Parents: in case you haven't heard about this film, it's not for the kids!
What we have here is a case of a couple of conmen with a scam that works for
them. Willie (Billie Bob Thornton), whose hatred of children is outdone only
by his self-hatred, takes jobs as Santa Claus every season at a department
store in different cities. Willie is an ace safe-cracker, a ne'er do well
with a foul mouth, and an almost hopeless drunk.
Backing him up is Marcus (Tony Cox), a small person/dwarf who completes the act by
playing the part of Santa's elf helper. All decked out in costumes befitting
the roles, these evil troupers set about casing the joint so as to abscond
with Marcus's girlfriend's shopping list and all the cash they can find in
the safe. It is not about preserving the cherished symbol of the biggest
holiday of the year.
The Santa performance itself is a study in betraying that image as much as
possible when Willie can leave the bottle alone long enough to sit in his
chair and receive the waiting line of tots to sit on his knee and tell him
what they'd like for gifts. But when store manager Bob Chipeska (John
Ritter) catches Willie banging a fat lady in a restroom in women's wear, he
takes the case to security chief Gin (Bernie Mac). If Gin doesn't seem to be
playing his assigned role either, it's because he's up to his neck in
criminal greed and intends to cut himself in for a big piece of the
But, a couple of more unpredictable things develop. Willie becomes attached
to The Kid (Brett Kelly), an overweight
little nerd of a boy, at first for strictly selfish reasons but then as a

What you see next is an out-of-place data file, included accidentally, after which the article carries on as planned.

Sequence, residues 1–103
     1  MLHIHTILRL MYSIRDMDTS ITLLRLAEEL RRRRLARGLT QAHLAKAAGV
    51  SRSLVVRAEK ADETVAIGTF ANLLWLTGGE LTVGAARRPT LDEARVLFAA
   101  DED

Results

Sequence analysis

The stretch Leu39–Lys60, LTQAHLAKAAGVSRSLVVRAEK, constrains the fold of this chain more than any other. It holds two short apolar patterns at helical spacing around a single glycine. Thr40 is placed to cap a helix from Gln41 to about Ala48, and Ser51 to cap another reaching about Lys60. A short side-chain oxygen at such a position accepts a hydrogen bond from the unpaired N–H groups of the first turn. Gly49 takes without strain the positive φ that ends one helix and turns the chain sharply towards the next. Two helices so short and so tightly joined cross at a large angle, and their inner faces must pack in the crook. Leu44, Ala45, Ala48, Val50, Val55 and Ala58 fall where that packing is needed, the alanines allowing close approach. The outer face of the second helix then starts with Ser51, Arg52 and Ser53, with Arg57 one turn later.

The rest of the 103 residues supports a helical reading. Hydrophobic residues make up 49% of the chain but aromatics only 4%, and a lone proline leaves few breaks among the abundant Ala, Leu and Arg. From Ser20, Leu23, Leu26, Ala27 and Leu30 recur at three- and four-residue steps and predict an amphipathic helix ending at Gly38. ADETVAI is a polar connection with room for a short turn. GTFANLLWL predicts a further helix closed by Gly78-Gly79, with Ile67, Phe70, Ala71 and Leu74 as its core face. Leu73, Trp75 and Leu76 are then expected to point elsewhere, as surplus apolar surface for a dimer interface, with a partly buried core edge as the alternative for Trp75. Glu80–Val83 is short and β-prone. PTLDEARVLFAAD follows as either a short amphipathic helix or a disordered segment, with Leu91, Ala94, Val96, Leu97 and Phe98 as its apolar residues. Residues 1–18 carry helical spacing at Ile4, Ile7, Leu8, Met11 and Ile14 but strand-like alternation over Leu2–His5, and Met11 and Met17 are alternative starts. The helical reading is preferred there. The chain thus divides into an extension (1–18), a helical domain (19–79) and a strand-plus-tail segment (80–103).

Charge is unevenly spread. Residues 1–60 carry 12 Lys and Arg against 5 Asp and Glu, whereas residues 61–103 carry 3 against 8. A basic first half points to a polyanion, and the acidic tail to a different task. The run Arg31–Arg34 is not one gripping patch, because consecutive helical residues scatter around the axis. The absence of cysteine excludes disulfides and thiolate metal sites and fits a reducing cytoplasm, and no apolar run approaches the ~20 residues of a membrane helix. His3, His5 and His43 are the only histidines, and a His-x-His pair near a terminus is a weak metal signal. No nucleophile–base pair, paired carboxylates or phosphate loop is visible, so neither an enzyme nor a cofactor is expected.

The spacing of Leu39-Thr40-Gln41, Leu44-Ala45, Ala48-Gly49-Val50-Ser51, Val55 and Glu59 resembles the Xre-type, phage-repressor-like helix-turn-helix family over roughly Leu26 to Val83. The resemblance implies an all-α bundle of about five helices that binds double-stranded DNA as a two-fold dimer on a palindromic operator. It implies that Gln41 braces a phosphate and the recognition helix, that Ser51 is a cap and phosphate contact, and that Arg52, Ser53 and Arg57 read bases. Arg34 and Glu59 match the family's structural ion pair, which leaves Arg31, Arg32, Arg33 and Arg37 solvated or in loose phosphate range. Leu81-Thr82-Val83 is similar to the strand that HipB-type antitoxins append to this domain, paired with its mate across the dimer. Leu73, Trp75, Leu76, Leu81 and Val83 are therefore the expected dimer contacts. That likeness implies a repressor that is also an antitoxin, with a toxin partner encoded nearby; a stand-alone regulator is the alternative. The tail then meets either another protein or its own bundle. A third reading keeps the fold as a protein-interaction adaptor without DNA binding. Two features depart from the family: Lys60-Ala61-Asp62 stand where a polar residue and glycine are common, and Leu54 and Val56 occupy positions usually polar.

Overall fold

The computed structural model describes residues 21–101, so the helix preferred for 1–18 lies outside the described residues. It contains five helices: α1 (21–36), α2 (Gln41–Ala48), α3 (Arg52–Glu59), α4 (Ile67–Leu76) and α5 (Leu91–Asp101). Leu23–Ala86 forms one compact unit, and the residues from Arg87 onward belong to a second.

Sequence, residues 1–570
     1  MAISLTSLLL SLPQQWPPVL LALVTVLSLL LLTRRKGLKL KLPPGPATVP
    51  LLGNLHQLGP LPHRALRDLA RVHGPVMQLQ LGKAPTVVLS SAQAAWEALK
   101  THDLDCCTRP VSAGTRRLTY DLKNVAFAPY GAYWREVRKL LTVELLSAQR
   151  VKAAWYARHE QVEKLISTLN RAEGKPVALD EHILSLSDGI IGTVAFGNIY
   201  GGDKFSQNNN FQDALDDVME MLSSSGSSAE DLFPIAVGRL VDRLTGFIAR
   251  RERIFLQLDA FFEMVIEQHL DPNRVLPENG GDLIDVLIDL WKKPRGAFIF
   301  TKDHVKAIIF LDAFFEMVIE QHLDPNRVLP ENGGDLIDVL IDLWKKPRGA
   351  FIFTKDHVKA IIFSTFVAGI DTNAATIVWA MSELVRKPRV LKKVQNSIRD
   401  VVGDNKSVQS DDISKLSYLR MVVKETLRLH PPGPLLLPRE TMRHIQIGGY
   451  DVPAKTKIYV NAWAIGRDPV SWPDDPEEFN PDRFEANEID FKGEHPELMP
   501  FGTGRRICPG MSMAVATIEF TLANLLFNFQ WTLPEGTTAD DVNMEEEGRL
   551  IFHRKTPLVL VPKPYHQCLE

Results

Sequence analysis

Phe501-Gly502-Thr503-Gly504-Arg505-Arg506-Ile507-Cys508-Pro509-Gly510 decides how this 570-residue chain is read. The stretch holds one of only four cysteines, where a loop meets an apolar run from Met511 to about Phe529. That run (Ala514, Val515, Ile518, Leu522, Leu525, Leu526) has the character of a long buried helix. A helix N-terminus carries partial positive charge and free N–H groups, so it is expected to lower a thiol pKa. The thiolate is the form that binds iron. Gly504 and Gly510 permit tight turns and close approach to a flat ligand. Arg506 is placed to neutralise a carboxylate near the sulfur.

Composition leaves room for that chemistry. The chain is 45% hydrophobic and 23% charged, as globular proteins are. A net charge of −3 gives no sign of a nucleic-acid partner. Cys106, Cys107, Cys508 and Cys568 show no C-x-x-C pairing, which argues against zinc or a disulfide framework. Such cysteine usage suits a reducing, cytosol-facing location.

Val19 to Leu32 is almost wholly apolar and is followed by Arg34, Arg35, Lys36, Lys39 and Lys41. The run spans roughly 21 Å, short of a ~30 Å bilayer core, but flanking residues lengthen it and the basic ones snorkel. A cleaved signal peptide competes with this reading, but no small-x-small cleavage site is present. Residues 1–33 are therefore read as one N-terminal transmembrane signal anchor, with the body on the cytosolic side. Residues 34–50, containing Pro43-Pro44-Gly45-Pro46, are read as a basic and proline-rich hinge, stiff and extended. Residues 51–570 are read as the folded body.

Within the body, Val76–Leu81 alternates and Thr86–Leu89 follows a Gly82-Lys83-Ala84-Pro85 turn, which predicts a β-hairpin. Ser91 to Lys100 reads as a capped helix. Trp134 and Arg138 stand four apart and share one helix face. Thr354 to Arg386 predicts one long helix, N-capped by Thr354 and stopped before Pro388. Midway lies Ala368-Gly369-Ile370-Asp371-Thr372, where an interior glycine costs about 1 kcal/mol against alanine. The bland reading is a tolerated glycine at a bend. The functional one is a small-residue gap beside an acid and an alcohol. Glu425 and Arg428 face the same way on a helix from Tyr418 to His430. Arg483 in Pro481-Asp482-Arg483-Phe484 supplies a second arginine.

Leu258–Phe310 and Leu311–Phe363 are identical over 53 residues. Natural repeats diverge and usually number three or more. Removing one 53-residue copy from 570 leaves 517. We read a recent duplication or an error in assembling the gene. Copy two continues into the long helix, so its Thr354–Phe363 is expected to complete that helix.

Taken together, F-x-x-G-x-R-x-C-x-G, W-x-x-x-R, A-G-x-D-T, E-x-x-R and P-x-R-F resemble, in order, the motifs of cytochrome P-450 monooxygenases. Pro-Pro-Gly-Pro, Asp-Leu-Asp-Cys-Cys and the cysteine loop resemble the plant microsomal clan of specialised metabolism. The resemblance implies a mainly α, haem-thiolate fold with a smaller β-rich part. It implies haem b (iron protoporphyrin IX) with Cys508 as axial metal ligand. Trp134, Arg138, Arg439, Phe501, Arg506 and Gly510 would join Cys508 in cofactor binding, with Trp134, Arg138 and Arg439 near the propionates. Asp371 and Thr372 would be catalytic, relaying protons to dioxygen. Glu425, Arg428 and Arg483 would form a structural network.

consequence of selfless (for him) bonding and protectiveness. Second,
bartender Sue (Lauren Graham), a thoroughly appealing gal with a totally
engaging personality, seems to have a thing for men in uniform and falls for
Willie in his reds. Completely turned on, she makes sure he stays in the
outfit while making out. She's more than he deserves but he's not so
dissolute that he doesn't know a good thing when one enters his undeserving
These two characters provide this movie elements of love in a project that
explores all the variations on the "f___" word and a substantial amount of
degradation, ugliness and murder. What's most suprising of all is that a
screenplay that seems so desperate to make humor out of twisted bad taste
pulls it off. Have you ever kicked yourself for laughing at something
depraved or disgusting? This film, with its toilet humor, ethnic mockery
and mean putdowns actually comes through with enough giggles, chuckles and
belly laughs to make it one of the more successful comedies of the year.
Thornton does exceedingly well as a vulgarized W.C. Fields (who, for those too
young to know, was one of the comedic geniuses of the 20's to the 40's who
based his schtick on child hatred and drinking). John Ritter, in what might
be his last movie role, is good in a slightly effeminate, wussy supporting
role. Bernie Mac demonstrates a good balance between dead pan humor and the
But best of all is Lauren Graham ("Sweet November", "One True Thing"), who
creates the emotional heart of a picture determined not to have one. Her
desire for scuzzy Willie is a bit of a stretch but like many other things
here, going with it pays off. Perhaps his worthlessness is sexier than I'm
giving him credit for, but it's Graham's scenes that are the cream floating
on a sour but funny mix.
Which make us wonder what the sequel will be called. "Attrocious Santa?"
Scuzzball Santa?" Give us your ideas.
~~ Jules Brenner